top of page

MTA Records and Exhausting Administrative FOIL Remedies

In obtaining access to public records, agency records under the Public Officers Law, there are minimal requirements before bringing suit under the Freedom of Information Law, one of them is exhausting administrative remedies.

An enormous resource for Personal Injury Lawyers or for ordinary citizens seeking to obtain records, the Public Officers Law, contains the New York Freedom of Information Law.

The Court notes that "This Freedom of Information Law ("FOIL") proceeding concerns three different FOIL requests filed by petitioner. He filed two on March 21, 2023 and another on April 20, 2023." After the FOIL Request for records, an appeal must follow if there is not compliance with the law, Public Officers Law Section 89(3)(a). In them, the court notes, the FOIL Requestor wanted "all disciplinary proceedings filed against me" and "all records regarding an incident I was disciplined for." Petitioner claims he waited a month and then appealed the constructive denial of only the first request (he claims he did not appeal the second request "to see if MTA would detect that both requests were from the same requester").

In other proceedings, lawyers and their clients can simply seek records under FOIL. In some cases, rather than conduct traditional discovery, attorneys and litigants can seek records under the New York Freedom of Information Law, FOIL, the Public Officers Law Sections 84 to 89. In this case, it looks like the FOIL request was for employment related records; the requestor (probably correctly so) stated that the FOIL remedies were nonexistent or futile...

One must exhaust one's administrative remedies, see Matter of Lepper v. Village of Babylon (2d Dep't, 2021) prior to seeking review in the courts. With FOIL, that review is an Article 78 proceeding, a special proceeding under the CPLR. To seek review of a denial under FOIL, one must file an administrative appeal. As the Court notes here,

...he explicitly admits that he never filed an appeal for either one. Therefore, the Court cannot reach the question whether or not there was a constructive denial of his FOIL requests such that an appeal would be futile. Put another way, petitioner's insistence that an appeal would have been futile is mere speculation given the failure to appeal. In fact, the Court observes that petitioner alleged in the verified petition that he chose not to appeal the second FOIL request as part of "a test" he sought to give respondent (NYSCEF Doc. No. 1, ¶ 14). That admission negates any claim of futility with respect to a possible administrative appeal.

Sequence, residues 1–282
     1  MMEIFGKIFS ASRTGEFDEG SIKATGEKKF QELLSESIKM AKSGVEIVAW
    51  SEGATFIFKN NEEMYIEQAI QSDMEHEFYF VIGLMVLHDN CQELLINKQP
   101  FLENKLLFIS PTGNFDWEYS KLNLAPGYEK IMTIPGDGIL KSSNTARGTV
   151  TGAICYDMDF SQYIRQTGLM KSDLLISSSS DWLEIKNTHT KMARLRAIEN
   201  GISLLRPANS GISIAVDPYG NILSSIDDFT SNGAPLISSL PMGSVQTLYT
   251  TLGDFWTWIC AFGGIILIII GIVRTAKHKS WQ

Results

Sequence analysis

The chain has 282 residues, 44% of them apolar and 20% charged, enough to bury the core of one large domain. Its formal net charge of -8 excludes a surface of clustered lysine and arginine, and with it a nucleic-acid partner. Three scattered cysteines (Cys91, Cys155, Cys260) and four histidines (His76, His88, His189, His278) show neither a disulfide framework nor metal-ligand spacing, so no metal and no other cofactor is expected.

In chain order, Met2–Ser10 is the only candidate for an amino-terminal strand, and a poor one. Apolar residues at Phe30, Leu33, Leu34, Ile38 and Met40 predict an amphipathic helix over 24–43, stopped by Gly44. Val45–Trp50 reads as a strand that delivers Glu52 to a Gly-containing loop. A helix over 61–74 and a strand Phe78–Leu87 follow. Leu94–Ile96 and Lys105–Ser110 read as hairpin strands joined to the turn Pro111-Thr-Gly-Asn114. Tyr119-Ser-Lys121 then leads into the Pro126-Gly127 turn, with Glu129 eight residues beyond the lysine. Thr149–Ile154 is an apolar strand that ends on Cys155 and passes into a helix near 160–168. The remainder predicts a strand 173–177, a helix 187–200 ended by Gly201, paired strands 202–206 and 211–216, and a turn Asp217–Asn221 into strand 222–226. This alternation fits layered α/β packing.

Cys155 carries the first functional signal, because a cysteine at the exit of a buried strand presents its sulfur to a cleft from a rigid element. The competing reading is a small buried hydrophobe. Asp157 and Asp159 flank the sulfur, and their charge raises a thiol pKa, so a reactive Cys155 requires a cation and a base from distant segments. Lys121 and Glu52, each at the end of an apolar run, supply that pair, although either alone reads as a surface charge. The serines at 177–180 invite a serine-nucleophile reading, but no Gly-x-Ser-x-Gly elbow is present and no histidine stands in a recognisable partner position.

The failure to comply with the law results in dismissal. One should know that an employment attorney or personal injury attorney seeking records under FOIL can later make an application for reasonable attorney's fees after the production of records, arguing that it substantially prevailed under the Public Officers Law. The investment of an attorney for someone pro se may be returned with an award of attorney's fees, thus reimbursement, from a Freedom of Infomation Law Attorney.

The case is Whitfield v. MTA FOIL TEAM & LEGAL DEPT., 2024 NY Slip Op 30768 (NYC Sup. Ct. 2024), the court denies sanctions, grants the motion of the (MTA) agency to dismiss and holds "the record shows that respondent and its attorney attempted to work with petitioner to disclose responsive records given the breadth of petitioner's requests."

Cory H. Morris, Esq. New York and Florida, Injury, Addiction, Accident, Call the Law Offices of Cory H. Morris, 631-450-2515 (NYS) (954) 998-2918 (FLA)

Do you need legal services in obtaining information under the Public Officers Law, FOIL? Call 631-450-2515 or E-Mail to arrange for a flat-fee price quote.


Featured Posts
Recent Posts
Search By Tags
No tags yet.
Follow Us
  • Facebook Basic Square
  • Twitter Basic Square
  • Google+ Basic Square
bottom of page